In his later works, particularly in “The Question Concerning Technology” (1954), Heidegger addresses the impact of modern technology on human existence. He argues that a technological mindset, which views everything as a resource to be exploited, contributes to a form of nihilism by reducing the world to mere standing reserve (a resource to be used) and diminishing its inherent meaning. Deaths of despair follow; a life without meaning is bound to extinguish.

For Albert Camus, who wrote his masterful “first cycle” of works dealing with the absurd and the meaningless — “The Stranger” (1942), which we read in “The Rhetorics of Death” course; the philosophical essay “Le Mythe de Sisyphe;” and the play “Caligula” — grief is a state of being overcome by the pointlessness of it all. Why love if love ends in such pain? Why build great projects when all will be dust? With grief comes an awareness of the bitter finality of everything, and it comes with an angry, screaming frustration: Why are we here at all? In “The Stranger”(1942) and “The Plague” (1947), characters grapple with the challenges of existence and the human condition — facing loss, death, or absurd situations, which prompt us to consider the human response to suffering and the search for meaning. Existential struggle and the human response to the apparent meaninglessness of life is another characteristic of deaths of despair. 

It’s difficult to deliberate over such essential questions and ideas when the University in its struggle for relevancy has become corporatized and whose “functions (products?),” says Bill Readings in “The University in Ruins” (1996), “is a granting of degrees with a cultural cache, but whose overall nature is corporate rather than cultural.” Thus, “The University becomes no longer a model of the ideal society but rather a place where the impossibility of such models can be thought — practically thought, rather than thought under ideal conditions.”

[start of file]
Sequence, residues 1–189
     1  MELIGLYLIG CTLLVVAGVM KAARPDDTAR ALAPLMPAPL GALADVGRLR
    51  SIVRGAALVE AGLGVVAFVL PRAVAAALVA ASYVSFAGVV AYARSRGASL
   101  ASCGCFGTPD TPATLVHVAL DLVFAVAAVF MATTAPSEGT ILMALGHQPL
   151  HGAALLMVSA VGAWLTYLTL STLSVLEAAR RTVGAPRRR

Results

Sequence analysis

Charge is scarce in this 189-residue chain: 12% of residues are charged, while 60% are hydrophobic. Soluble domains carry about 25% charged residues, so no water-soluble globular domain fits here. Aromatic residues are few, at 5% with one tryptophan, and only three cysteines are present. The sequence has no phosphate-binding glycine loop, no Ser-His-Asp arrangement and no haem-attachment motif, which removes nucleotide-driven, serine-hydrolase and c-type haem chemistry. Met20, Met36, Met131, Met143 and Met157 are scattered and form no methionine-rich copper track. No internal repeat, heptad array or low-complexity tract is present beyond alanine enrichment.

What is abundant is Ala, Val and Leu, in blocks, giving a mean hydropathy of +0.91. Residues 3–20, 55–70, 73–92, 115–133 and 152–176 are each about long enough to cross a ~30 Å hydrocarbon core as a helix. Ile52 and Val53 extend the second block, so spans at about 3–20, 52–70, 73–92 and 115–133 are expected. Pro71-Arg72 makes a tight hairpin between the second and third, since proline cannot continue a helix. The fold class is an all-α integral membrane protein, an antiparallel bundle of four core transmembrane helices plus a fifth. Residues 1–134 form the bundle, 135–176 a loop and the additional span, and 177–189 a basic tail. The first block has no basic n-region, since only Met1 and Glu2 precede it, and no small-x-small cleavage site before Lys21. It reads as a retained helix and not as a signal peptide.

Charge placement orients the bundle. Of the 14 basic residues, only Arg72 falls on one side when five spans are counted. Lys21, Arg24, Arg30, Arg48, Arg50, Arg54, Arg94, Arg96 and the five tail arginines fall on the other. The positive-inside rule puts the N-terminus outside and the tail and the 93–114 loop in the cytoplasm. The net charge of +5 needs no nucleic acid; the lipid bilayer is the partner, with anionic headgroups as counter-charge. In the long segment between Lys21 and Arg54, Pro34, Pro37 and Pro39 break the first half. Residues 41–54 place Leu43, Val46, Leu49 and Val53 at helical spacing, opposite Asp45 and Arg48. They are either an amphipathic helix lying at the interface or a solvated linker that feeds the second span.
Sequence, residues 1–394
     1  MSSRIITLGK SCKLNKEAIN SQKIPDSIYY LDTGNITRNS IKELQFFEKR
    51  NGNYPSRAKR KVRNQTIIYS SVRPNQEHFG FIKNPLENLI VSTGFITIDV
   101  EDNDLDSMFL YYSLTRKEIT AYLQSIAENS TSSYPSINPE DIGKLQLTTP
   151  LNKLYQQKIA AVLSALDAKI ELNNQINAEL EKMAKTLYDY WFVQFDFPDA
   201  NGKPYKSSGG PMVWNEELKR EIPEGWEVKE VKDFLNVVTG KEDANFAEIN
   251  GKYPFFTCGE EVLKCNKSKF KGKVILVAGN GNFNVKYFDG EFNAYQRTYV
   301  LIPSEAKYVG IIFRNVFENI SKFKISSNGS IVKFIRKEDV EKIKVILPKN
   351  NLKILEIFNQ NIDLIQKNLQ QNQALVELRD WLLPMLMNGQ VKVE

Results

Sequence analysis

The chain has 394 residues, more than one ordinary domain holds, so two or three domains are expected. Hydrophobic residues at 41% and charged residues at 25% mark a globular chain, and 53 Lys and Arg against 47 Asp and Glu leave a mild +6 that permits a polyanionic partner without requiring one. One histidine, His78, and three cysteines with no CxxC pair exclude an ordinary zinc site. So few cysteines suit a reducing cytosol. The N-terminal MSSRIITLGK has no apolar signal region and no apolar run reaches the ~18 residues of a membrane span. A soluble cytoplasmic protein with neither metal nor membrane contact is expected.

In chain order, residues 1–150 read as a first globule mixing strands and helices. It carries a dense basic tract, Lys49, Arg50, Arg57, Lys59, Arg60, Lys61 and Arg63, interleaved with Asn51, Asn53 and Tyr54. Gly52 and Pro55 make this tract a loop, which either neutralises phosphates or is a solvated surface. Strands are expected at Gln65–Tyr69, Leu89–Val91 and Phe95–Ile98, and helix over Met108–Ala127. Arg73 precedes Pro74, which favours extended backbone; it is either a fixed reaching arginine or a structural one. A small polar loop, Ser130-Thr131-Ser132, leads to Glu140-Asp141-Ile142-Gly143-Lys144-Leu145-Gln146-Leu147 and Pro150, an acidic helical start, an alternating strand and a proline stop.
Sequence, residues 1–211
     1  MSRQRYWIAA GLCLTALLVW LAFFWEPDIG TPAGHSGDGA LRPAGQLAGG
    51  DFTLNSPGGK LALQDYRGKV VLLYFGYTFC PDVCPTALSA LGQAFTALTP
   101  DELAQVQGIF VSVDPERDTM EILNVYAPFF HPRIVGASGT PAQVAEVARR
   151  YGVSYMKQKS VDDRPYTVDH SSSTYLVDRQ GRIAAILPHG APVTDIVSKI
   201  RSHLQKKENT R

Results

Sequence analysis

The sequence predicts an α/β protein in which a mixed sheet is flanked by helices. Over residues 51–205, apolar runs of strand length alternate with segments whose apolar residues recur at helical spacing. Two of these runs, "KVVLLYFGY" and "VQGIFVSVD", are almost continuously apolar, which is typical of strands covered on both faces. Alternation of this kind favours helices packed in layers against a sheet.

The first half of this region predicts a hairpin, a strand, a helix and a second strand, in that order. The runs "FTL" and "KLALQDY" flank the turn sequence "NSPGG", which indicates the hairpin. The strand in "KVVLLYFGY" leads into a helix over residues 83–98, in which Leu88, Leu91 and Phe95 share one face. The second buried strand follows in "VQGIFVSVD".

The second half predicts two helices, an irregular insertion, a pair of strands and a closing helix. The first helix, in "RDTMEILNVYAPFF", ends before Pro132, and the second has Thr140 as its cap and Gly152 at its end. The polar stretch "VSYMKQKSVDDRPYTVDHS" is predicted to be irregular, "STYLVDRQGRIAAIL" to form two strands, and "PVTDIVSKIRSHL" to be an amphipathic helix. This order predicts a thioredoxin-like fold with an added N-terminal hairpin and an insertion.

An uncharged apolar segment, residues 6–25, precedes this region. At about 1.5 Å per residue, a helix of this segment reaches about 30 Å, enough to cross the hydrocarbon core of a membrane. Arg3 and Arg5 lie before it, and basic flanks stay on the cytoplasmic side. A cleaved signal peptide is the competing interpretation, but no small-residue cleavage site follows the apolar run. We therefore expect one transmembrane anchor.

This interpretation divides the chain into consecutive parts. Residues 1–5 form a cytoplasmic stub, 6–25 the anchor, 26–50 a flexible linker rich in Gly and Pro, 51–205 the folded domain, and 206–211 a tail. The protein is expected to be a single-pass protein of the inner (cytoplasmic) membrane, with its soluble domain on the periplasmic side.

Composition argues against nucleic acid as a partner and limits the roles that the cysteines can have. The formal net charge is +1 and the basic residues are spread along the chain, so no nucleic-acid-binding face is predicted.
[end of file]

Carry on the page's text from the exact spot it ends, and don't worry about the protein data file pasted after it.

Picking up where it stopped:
The University is unable to participate in its legacy from the Enlightenment, the historical project of culture, and is enthralled by its embrace of “excellence” rather than “culture,” and what gets taught or produced as knowledge matters less. Instead, we strive for “ideological excellence,” since excellence is precisely non-ideological. Consequently, Bill Readings argues, we become obsessed with ruins. 

The corporate University is complicit in the creation of invisibility, destabilizing culture and making ruins of us all. In “The Conduct of Life” (1860), Ralph Waldo Emerson writes that, “You have just dined, and however scrupulously the slaughter-house is concealed in the graceful distance of miles, there is complicity.” Or as Don DeLillo would say, everything in the end is connected. Chris Hedges, who is never seen in popular media, but should be, in the “Empire of Illusion: The End of Literacy and the Triumph of Spectacle” (2009), says that, “The multiple failures that beset the country, from our mismanaged economy to our shredding of Constitutional rights to our lack of universal health care to our imperial debacles in the Middle East, can be laid at the door of institutions that produce and sustain our educated elite … They focus … on creating hordes of component systems managers.” In this system students go unnoticed, unseen, and suffering must be tolerated. Deaths of stress and despair follow — there is complicity.

Hector J. Vila is an associate professor in Writing & Rhetoric and a mentor for Posse program students at Middlebury College.